The account given by these people is as follows; That everywhere along the coast the natives wore a menacing appearance, and manifested a wish to attack them: that upon making Two-fold Bay they perceived a small group round a fire, who greeted them in a very friendly tone; trusting in which they landed, and proceeded with buckets towards a watering place, but before they reached which, a flight of spears was thrown without mischief; but being speedily succeeded by a second, one of the weapons, most dangerously barbed, lodged in Mr, Murrell’s side, which was transpierced; and as the whole of the barb appeared, it was broken off and readily extracted. They made to the boat, leaving their inhuman assailants to express their joy of the barbarous event by re-echoed peals of mirth, were soon out of their reach. The travelers next set down on a small neighboring island.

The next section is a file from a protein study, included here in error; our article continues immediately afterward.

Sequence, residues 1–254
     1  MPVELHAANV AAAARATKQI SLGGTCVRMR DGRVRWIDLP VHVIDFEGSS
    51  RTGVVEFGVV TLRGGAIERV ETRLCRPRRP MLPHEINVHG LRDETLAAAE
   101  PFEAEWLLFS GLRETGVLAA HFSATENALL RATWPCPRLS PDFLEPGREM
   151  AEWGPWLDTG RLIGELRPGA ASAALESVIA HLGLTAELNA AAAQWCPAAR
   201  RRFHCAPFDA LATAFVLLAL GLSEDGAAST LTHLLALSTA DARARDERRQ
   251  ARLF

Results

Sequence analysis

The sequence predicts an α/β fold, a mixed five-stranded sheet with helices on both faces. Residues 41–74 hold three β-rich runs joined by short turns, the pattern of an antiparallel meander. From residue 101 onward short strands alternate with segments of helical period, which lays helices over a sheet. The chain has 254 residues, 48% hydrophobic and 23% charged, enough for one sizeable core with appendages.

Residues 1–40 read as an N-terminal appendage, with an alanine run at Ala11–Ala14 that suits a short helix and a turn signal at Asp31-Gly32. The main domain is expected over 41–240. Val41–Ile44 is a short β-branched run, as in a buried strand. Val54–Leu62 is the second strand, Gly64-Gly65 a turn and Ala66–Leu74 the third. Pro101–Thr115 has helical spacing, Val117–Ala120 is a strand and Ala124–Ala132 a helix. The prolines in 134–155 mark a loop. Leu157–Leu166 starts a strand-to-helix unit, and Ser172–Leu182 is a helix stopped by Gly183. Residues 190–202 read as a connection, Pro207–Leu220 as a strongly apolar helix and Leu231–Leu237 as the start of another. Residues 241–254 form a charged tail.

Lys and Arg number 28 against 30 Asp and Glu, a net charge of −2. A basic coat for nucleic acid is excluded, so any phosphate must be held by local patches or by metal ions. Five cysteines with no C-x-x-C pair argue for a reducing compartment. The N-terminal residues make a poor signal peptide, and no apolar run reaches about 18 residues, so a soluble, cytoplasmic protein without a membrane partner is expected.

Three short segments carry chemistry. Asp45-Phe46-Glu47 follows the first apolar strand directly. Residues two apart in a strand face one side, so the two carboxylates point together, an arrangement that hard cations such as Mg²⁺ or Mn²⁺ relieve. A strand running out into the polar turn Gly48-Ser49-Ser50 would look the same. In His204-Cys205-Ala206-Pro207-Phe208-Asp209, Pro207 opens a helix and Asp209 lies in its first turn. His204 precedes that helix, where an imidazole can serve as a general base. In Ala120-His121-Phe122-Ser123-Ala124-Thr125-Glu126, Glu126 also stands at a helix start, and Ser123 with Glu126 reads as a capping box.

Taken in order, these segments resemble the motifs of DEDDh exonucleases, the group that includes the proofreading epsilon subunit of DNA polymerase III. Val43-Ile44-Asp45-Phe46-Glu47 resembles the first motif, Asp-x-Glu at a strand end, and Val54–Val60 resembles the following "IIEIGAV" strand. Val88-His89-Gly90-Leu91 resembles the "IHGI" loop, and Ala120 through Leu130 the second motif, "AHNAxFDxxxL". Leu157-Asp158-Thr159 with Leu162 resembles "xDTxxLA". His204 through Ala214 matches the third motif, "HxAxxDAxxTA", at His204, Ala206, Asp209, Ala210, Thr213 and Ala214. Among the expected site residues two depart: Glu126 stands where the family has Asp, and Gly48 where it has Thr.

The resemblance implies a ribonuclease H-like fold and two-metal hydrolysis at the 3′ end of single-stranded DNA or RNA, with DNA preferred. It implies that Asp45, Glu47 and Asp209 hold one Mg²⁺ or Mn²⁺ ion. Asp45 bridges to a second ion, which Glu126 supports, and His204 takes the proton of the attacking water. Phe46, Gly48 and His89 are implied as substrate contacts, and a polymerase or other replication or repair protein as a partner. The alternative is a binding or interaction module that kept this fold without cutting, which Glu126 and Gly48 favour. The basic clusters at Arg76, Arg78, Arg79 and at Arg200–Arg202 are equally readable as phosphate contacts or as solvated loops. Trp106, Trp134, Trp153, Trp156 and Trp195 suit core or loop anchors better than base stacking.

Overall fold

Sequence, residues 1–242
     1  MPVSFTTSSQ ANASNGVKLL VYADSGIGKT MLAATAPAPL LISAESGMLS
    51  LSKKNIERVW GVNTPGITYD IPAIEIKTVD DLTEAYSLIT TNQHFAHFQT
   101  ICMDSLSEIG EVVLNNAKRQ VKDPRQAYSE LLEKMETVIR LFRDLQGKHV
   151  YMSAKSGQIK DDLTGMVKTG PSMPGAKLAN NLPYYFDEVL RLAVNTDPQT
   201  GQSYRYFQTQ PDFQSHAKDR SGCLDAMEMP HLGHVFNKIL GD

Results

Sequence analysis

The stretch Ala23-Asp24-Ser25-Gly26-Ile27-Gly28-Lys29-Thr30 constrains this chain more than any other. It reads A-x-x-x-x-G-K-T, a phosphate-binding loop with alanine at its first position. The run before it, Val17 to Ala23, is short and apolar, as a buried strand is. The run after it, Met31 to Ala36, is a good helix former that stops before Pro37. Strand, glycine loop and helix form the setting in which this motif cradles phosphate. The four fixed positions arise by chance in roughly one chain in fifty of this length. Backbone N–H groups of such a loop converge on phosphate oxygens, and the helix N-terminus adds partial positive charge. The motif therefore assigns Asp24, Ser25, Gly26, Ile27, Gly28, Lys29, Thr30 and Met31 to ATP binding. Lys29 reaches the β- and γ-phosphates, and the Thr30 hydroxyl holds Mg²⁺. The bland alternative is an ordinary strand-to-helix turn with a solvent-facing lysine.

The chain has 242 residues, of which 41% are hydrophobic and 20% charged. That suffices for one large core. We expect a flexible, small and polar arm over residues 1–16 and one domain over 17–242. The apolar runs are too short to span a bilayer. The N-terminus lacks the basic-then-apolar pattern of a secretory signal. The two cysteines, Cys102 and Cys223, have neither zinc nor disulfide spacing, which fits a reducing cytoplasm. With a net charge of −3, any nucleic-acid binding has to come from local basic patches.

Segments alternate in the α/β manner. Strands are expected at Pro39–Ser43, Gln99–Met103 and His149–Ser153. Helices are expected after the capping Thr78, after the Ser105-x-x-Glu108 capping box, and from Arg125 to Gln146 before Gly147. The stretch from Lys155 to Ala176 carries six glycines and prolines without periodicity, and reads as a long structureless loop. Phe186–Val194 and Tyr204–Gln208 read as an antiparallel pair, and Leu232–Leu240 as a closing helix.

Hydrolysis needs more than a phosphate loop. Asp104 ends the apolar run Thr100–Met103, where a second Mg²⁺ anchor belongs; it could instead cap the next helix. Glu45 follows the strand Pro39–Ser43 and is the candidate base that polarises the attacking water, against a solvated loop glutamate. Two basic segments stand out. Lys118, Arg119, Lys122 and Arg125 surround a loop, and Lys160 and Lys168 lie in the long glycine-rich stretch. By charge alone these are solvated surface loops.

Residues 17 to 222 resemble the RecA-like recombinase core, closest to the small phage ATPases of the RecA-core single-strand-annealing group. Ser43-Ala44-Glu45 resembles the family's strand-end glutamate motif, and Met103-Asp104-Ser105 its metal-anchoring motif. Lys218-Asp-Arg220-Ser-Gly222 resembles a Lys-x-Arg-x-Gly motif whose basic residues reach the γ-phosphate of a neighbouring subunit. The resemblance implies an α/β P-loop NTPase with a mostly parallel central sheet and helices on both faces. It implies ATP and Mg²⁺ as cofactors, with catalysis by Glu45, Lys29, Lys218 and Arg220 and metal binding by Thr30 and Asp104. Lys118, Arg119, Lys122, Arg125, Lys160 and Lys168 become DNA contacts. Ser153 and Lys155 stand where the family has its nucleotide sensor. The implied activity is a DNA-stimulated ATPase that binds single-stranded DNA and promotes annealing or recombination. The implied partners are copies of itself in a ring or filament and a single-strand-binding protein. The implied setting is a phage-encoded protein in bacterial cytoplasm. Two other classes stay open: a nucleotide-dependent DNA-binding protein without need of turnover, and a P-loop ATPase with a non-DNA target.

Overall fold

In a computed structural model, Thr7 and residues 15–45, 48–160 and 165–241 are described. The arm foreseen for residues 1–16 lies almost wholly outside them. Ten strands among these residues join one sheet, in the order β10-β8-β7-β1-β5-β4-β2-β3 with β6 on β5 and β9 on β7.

The morning following, four natives visited them, and having begged a jacket or two, left four boys as the hostage of their return with fish; but heedless of its consequence, these wretches soon returned accompanied by a vast number of others armed in their canoes, and a determination was formed to resist their landing. The blacks in consequence commenced a new assault with their spears, which were answered with muskets, and at length retreated with the loss of two killed, besides several being wounded. They returned the same day from the back of the island unperceived; and in increased numbers taking the little party by surprise, they were obliged to take precipitately to their boat as the only means of preservation : but leaving their provision and necessaries, upon which they left their adversaries voraciously regaling. Unable to proceed for their destination they reversed their course, but could only reach Botany Bay, on account of contrary wind, and have there received from the owner every comfort and assistance.